Referring more particularly to the drawings there is seen in FIG. 1 a blood filter assembly 10 used for purposes of illustration of an application of the invention and not by way of limitation. Numerous other applications of the invention will be apparent to those skilled in the art. Filter assembly 10 includes an outer housing 12 and an enclosed filter material 14 for filtration, for example, of white blood cells from whole blood. The outer perimeter 16 of housing 12 is heat sealed to form an enclosure. If desired, the filter material 14 can itself be partially heat sealed into the sealed perimeter of the enclosure. Flexible plastic or rubber tubing 18 and 19 can be attached to a port 20 by conventional means. Housing 12 is preferably formed from two sheets of thermoplastic material 22 and 23 that are fused peripherally together by heat and pressure.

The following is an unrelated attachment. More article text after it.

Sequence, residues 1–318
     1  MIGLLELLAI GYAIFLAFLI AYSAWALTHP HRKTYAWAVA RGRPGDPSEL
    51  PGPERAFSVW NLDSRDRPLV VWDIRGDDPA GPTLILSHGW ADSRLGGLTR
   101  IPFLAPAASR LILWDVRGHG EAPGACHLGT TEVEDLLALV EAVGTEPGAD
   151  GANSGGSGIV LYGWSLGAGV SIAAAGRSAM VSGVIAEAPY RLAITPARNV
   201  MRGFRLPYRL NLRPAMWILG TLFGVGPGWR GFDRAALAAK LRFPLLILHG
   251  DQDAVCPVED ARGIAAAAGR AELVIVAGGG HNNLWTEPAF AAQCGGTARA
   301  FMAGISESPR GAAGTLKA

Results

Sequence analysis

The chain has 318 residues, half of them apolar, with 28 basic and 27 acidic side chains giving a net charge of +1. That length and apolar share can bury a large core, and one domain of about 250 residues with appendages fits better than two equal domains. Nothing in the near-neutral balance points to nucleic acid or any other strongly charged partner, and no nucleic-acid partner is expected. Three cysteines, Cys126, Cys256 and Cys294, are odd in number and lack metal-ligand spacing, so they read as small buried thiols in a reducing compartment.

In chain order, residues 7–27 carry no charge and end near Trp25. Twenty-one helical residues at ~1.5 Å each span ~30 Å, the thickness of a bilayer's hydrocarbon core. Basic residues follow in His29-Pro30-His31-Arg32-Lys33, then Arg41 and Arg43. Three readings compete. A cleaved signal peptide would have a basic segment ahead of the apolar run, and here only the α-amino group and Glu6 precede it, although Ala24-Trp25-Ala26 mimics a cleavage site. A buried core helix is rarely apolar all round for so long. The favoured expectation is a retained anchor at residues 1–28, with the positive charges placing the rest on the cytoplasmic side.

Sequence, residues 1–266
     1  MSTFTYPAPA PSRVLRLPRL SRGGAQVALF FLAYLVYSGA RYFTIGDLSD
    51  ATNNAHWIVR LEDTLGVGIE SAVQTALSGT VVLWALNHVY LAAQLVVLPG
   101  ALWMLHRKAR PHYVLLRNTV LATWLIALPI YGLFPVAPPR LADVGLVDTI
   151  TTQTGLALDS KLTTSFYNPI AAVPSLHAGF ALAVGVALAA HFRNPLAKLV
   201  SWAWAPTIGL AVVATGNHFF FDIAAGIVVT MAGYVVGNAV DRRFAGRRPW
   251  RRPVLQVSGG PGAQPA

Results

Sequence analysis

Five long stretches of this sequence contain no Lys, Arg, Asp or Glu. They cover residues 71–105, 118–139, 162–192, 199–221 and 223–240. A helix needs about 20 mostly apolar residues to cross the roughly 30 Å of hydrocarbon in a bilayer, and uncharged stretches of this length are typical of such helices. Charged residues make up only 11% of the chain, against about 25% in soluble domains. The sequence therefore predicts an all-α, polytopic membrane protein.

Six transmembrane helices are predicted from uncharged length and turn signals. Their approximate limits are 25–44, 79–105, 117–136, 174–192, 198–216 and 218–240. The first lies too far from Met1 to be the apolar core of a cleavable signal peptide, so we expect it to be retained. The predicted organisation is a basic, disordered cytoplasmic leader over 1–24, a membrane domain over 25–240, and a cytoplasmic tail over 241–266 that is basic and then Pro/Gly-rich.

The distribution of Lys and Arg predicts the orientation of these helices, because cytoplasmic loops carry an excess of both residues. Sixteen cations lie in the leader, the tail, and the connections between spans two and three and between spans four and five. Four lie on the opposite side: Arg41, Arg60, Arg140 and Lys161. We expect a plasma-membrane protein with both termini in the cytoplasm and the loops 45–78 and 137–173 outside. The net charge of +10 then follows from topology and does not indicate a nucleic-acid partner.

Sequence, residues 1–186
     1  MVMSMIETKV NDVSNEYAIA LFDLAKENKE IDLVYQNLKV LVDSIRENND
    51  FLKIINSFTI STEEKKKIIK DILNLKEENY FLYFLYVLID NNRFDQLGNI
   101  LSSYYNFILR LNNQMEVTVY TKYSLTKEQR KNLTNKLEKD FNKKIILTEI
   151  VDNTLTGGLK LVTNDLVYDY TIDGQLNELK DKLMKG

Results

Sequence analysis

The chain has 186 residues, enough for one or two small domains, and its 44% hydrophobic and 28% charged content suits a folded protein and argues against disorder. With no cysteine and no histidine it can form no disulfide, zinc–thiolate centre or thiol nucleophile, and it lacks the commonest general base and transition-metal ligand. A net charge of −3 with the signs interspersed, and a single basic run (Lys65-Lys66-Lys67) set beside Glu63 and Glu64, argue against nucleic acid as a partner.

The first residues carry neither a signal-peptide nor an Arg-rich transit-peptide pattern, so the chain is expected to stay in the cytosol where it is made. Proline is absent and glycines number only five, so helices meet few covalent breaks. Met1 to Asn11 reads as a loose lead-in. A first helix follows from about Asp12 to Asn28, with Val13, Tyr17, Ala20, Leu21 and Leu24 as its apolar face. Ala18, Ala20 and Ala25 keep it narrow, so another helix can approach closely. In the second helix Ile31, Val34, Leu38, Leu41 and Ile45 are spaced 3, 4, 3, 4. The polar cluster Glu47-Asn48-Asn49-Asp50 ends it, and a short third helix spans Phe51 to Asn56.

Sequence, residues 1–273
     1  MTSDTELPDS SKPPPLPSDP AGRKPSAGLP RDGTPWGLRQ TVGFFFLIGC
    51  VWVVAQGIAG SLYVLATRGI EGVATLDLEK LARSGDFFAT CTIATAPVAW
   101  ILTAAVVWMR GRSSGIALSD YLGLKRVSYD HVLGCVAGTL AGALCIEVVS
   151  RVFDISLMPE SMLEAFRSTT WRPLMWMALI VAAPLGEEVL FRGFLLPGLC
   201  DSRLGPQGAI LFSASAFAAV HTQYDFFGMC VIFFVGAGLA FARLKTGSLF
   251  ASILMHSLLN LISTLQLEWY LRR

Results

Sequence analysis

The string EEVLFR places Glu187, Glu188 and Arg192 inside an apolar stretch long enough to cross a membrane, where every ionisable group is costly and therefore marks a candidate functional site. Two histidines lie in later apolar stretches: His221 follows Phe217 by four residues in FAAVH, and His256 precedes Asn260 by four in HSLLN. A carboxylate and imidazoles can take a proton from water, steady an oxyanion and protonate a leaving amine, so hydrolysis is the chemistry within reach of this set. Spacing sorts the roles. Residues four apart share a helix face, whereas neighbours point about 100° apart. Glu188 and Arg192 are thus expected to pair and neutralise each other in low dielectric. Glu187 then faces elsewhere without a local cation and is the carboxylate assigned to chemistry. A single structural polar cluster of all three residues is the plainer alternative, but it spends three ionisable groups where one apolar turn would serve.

The method of forming a port of this invention are shown in detail in FIGS. 3-8. As seen in FIG. 3, sheet of thermoplastic material susceptible to softening by application of RF energy is provided. Sheet 22 can be of any desired shape such as circular, square or oblong dependent on the shape of the container being formed. A slit 24 is formed in sheet 22 at a location spaced from the periphery of sheet 22. Slit 24 is made of a length to just accept the outer diameter of a tube 26 of thermoplastic material.